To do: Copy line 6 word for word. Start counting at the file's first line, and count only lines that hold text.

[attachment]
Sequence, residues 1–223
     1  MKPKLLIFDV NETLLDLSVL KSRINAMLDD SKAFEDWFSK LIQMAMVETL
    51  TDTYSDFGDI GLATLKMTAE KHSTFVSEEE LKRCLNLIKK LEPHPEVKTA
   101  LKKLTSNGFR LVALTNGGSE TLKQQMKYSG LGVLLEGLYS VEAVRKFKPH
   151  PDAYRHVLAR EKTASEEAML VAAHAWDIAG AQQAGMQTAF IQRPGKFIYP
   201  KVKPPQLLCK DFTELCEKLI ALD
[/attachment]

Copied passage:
   201  KVKPPQLLCK DFTELCEKLI ALD